The benefits of shorting AMLP highlight the diminished return prospects of the holders. There are several other similarly tax-impaired funds, including mutual fund products from Oppenheimer SteelPath, Cushing Mainstay and Goldman Sachs, and a couple of small ETFs. While none of these are short candidates, they all suffer from the same structural flaws as AMLP. Their holders are unlikely to enjoy returns close to the indices, even while they incur unimpeded downside risk.

MLP-dedicated funds are unique in owing taxes at the fund level. Fund investors seeking energy infrastructure exposure should select a RIC-compliant, non-tax paying fund with less than 25% in MLPs.

We are short AMLP.

We have three funds that seek to profit from this environment:

Energy Mutual Fund Energy ETF Inflation Fund


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3 replies
  1. Elliot Miller
    Elliot Miller says:

    Contrary to the familiar theme of this blog which works its way into every weekly presentation, MLPs are not going away. MLPs are pass though entities (a) which do not bear the burden of an entity level tax thereby providing the entity with a lowered cost of capital, (b) which make distributions which are largely and often entirely tax deferred, and (c) to the extent the distribution is in fact currently taxable, under the new tax law it is at an effective rate of 29.6% as opposed to an effective tax rate of 36.8% on corporate dividends.
    There is a reason that private equity money in the midstream is structured as either a limited partnership or an LLC and not as a C corporation. And as to the much over-discussed FERC ruling, even before its moderating supplement this week, the numbers generally establish that conversion to a C corporation to avoid the FERC ruling is economically a bad idea.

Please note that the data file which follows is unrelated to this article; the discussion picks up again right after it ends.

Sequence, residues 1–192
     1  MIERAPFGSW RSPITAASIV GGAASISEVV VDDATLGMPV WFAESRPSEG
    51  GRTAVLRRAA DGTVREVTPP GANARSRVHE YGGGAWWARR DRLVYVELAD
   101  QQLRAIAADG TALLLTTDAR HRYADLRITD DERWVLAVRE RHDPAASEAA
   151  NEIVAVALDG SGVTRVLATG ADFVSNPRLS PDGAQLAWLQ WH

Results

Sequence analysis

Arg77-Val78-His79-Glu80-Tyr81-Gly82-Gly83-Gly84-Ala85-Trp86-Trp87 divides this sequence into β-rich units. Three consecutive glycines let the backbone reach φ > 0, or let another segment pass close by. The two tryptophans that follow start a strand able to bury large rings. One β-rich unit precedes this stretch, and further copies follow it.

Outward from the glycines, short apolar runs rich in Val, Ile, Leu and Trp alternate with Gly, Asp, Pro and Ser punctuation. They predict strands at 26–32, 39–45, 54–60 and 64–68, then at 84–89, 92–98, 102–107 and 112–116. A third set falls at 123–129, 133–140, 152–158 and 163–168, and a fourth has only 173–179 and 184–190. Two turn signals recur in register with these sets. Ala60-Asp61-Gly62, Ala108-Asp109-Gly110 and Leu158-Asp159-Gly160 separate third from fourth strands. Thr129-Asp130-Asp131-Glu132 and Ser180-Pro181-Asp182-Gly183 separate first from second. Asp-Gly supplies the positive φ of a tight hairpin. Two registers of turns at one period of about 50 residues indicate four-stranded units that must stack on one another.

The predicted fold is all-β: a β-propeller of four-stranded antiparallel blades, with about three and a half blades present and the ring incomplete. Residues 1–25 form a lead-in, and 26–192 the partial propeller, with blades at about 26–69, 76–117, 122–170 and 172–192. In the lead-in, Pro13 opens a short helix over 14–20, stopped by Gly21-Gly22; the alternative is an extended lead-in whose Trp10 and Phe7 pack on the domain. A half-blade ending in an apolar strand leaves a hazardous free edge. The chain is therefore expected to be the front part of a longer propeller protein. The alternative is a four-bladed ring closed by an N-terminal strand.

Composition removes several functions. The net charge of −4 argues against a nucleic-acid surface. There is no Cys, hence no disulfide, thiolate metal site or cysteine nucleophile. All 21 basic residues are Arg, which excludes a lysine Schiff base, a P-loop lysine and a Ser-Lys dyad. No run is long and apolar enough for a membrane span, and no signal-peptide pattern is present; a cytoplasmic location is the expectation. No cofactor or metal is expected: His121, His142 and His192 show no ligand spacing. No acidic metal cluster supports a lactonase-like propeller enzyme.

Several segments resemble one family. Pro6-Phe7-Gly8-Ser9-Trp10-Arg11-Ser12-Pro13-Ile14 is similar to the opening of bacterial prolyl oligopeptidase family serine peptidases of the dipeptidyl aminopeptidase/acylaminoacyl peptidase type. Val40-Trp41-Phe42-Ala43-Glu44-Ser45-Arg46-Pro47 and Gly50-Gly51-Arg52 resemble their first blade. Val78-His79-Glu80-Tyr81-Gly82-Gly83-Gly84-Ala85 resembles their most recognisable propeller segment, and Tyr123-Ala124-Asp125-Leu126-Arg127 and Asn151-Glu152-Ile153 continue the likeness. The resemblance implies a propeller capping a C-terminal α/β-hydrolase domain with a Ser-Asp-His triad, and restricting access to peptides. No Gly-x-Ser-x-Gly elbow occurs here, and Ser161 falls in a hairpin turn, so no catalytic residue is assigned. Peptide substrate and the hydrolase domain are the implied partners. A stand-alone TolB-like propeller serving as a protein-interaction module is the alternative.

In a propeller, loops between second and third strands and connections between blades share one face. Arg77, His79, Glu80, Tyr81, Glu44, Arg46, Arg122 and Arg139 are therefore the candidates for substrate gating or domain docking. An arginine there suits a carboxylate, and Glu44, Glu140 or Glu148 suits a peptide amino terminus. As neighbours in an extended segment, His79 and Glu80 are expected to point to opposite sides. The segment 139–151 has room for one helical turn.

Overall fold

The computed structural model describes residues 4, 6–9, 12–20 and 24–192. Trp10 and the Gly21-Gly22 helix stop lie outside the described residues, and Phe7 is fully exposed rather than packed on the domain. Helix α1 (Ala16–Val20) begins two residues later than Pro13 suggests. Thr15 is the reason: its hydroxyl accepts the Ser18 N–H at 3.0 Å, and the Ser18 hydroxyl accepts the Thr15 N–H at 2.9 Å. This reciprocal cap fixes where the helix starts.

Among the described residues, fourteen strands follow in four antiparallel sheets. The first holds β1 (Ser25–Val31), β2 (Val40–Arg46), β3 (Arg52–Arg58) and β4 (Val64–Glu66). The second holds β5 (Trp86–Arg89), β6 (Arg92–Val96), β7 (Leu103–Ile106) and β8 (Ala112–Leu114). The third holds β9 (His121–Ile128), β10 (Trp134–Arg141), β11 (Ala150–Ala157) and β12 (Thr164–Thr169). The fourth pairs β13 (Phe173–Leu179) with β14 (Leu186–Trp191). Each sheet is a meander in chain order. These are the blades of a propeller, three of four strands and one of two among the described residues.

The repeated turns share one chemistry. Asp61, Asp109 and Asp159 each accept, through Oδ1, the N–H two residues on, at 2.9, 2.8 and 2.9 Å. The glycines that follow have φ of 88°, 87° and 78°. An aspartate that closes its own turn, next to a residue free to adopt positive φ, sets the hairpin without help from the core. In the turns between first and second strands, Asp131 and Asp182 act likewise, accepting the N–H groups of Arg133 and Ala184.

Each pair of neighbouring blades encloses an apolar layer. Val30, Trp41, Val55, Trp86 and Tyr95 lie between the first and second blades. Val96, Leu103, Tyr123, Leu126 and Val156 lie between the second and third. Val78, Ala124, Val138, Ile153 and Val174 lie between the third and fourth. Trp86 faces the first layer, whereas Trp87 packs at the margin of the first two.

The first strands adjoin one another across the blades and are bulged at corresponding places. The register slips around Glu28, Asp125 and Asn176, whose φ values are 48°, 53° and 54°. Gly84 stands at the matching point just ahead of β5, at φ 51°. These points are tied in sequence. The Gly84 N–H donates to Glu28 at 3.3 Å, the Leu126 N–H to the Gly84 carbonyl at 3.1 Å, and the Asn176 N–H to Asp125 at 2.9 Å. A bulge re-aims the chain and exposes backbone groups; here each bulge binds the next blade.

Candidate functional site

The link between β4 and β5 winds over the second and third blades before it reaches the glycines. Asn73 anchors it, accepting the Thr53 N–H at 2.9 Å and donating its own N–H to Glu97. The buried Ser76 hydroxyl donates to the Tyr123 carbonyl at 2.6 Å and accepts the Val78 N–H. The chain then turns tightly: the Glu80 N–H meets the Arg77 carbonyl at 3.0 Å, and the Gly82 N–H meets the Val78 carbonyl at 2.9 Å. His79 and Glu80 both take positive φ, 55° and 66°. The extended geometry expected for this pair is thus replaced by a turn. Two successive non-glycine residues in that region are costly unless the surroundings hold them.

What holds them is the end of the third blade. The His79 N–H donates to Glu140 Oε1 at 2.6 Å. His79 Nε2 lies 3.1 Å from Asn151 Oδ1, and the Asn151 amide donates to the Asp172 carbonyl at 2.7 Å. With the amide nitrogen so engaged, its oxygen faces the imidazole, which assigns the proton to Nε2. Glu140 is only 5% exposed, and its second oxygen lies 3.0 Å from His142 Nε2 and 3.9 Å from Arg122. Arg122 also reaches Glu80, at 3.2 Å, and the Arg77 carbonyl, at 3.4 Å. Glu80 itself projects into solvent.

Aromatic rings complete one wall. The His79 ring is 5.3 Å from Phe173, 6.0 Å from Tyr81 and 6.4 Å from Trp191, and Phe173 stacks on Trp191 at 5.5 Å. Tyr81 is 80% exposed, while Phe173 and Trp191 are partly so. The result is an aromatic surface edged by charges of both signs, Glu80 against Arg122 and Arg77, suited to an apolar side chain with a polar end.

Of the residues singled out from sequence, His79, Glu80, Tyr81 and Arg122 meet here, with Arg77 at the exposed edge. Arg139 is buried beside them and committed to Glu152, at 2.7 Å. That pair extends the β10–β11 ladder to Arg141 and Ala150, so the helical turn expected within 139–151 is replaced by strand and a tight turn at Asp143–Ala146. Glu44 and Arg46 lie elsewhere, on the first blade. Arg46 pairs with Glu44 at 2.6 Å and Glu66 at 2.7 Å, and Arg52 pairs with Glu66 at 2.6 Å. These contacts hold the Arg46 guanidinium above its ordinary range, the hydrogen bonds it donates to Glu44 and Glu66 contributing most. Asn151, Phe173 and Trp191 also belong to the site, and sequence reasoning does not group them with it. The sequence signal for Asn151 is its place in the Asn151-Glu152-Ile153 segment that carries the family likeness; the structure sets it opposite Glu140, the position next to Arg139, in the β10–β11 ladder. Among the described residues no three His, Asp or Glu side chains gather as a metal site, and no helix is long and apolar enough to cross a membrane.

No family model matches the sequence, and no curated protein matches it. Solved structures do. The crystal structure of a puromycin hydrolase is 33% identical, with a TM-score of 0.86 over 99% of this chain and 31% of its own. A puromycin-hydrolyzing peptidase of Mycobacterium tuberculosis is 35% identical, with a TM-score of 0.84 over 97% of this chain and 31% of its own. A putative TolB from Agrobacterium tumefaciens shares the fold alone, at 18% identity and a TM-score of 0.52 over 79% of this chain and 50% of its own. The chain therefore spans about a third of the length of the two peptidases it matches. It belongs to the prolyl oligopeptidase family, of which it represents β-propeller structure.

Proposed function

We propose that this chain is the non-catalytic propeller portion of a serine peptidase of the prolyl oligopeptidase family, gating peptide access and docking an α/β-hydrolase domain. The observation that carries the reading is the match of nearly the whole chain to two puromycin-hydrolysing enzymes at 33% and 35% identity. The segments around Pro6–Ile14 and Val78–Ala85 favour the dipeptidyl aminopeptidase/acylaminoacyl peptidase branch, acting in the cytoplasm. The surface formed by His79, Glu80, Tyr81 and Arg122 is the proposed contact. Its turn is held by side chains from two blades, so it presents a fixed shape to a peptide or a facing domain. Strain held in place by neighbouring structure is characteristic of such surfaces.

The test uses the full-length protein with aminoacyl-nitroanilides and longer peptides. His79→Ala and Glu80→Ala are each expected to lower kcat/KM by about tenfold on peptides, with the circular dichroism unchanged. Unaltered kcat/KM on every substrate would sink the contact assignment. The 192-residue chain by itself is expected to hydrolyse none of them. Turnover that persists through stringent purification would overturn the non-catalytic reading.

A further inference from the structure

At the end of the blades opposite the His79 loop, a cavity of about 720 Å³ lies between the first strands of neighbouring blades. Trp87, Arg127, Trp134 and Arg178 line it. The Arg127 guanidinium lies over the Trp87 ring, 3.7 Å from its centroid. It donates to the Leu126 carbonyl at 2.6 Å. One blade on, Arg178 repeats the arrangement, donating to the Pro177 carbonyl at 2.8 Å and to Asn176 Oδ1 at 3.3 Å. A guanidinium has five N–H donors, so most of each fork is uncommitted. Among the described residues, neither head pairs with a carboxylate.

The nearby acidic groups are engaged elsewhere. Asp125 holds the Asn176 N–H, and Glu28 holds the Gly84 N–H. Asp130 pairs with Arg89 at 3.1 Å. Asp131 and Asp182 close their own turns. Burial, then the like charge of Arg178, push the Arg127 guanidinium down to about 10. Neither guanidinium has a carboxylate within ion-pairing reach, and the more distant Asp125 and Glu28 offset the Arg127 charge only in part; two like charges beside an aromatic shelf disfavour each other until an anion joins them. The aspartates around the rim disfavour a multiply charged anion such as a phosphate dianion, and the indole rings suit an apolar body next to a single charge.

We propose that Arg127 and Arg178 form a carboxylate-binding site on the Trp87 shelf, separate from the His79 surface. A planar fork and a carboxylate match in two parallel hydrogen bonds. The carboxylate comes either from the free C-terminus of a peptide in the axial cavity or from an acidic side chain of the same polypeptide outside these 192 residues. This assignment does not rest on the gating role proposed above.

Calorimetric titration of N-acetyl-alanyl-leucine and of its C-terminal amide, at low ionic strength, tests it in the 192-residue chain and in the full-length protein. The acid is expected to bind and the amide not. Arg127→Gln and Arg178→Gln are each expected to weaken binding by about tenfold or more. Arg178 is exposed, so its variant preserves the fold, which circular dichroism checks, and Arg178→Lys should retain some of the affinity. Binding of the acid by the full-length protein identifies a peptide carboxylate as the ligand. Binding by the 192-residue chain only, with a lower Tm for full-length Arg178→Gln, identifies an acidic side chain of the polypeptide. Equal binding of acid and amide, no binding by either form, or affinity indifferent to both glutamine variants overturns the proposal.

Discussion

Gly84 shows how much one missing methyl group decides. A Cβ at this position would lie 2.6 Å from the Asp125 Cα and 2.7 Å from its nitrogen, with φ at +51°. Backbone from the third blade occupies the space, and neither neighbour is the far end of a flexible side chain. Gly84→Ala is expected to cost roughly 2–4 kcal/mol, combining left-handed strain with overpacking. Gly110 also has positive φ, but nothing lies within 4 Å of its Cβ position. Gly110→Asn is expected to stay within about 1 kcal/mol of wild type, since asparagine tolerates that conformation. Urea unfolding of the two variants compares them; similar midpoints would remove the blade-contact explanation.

This is analyzed very effectively in an article in the July/ August edition of Midstream Business Magazine entitled “C-Corps. vs MLPs” and subtitled as follows: “MLPs continue to be a tax-efficient business model for the midstream despite multiple challenges”. The third paragraph in that article opens with the following sentence: MLPs continue to be the most tax efficient public company model for midstream companies, provide the most business friendly corporate governance framework and have a reduced cost of capital relative to their conventional corporate (C-corp) peers.” These are all amplified in the discussion that follows.
    I suggest that you abandon the persistent imbalance in your thinking regarding this issue.

    • Simon Lack
      Simon Lack says:

      Elliot, thank you as always for your thoughtful comments. In this article, we are criticizing poorly structured MLP funds, and suggest an investor hold long positions in energy infrastructure names (which could include MLPs) versus shorting AMLP.

      I’d also note that the “business friendly corporate governance” referred to in the Midstream Business Magazine article is a reason to structure as an MLP, but not a reason to invest in one, since MLPs provide weaker corporate governance protections to their LPs than do corporations.

      • Elliot Miller
        Elliot Miller says:

        I realized the main thrust of the article, but the “MLPs are going away” theme did also make the usual cameo appearance in it. And as to corporate governance, I don’t think that an investor in KMI has a lot of influence on the corporation’s actions.